“Welcome back everyone!” said a chalkboard greeting at Abner’s Restaurant in Hilliard in suburban Columbus on Thursday, WSYX-TV reported.
Restaurants could offer outdoor dining beginning May 15, which led to some scenes of overcrowded patios in cities around Ohio and a warning from Gov. Mike DeWine that police officers and health investigators will be making safety checks as part of beefed up enforcement teams.
Bar owners could wind up in court or lose their liquor licenses if they don’t take steps to control their customers, DeWine warned.
Gyms and fitness centers reopen May 26 following a March 22 order shutting them down as nonessential businesses. On Wednesday, a Lake County judge called that order by Health Director Dr. Amy Acton “arbitrary, unreasonable and oppressive.”
The ruling applies only to gyms in that northeastern Ohio county.
The number of confirmed and probable deaths associated with the coronavirus in Ohio has reached 1,836, state health officials said Thursday.
The Ohio Department of Health said that 55 new deaths were reported in the past day and that overall there have been nearly 5,300 hospitalizations.
Health officials said there were more than 30,000 cases considered either confirmed or probable.
For most people, the virus causes mild or moderate symptoms that clear up in a couple of weeks. Older adults and people with existing health problems are at higher risk of more severe illness, including pneumonia, or death.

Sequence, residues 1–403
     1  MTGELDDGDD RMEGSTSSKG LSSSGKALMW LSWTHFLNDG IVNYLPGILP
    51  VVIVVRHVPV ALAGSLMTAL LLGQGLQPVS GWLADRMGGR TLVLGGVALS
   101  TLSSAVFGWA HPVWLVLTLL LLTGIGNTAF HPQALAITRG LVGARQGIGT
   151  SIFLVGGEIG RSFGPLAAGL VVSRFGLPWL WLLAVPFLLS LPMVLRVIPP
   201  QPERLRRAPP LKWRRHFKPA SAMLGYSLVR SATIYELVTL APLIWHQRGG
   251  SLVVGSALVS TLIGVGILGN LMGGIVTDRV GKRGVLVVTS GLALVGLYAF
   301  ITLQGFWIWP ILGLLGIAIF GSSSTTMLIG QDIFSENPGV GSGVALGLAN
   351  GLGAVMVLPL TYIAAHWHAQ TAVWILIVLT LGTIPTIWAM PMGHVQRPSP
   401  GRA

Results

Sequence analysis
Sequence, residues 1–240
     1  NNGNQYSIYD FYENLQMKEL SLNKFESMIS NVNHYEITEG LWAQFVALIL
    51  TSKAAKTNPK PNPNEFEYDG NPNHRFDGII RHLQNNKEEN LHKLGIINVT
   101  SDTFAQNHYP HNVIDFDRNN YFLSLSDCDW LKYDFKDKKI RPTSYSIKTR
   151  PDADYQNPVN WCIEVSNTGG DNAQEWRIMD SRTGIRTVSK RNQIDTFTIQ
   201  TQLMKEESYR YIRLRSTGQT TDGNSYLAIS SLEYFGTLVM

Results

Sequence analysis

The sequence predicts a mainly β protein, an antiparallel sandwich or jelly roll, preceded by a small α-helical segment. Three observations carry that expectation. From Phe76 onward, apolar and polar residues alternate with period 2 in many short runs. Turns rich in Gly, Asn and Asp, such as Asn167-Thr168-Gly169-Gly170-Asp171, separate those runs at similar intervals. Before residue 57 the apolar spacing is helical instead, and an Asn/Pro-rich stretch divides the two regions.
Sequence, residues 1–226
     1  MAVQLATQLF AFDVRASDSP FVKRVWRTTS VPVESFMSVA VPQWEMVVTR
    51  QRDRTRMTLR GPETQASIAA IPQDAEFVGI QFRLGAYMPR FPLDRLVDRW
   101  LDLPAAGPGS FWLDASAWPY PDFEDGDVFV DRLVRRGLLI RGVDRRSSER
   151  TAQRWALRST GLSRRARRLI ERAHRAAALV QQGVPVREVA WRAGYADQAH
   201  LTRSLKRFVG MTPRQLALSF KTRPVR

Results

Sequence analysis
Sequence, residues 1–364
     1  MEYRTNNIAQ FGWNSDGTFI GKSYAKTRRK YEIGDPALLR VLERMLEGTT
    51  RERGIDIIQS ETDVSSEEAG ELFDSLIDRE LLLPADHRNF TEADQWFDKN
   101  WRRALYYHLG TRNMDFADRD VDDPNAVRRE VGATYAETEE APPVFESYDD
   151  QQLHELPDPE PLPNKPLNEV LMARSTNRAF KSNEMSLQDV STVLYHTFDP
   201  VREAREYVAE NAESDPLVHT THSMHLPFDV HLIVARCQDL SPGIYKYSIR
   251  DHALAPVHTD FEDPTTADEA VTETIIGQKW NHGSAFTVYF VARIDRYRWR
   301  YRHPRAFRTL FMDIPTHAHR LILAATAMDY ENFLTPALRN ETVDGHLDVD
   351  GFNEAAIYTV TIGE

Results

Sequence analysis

DeWine said the state will begin tracking racial disparities among victims of the coronavirus more closely, and making the results available on the state’s COVID-19 website.
As part of Ohio’s previously announced plan to hire about 1,800 local and state public health workers to trace exposure to the coronavirus, some of those will come from minority communities as part of the initiative announced Thursday, the governor said.
The pandemic is disproportionately affecting minorities in Ohio as it is elsewhere, state records show. Blacks make up 17% of COVID-19 deaths, 26% of all cases and 31% of hospitalizations, although they make up only about 13% of Ohioans.
“We have an obligation to be even more mindful in our response to helping those at higher risk,” DeWine said. “It should not matter where you live or what race you are.”
A class-action lawsuit filed Thursday seeks damages for applicants for pandemic unemployment assistance whose personal information was inadvertently made public over the weekend.
Deloitte Consulting, which is administering the program for the Ohio Department of Job and Family Services, said about two dozen individuals had the ability to look at correspondence for as many as 160,000 applicants to the program. Deloitte fixed the issue within an hour.
Individuals who had the accidental access were contacted by the department. Deloitte said in a statement that the system was not hacked or externally breached and that the company is offering 12 months of free credit monitoring to those who were potentially impacted.
Spokesman Bret Crow said the department has “no reason to believe that anyone used the brief time they had access to the data with malicious intent.”
John Seewer reported from Toledo. Associated Press Writer Julie Carr Smyth in Columbus contributed to this report.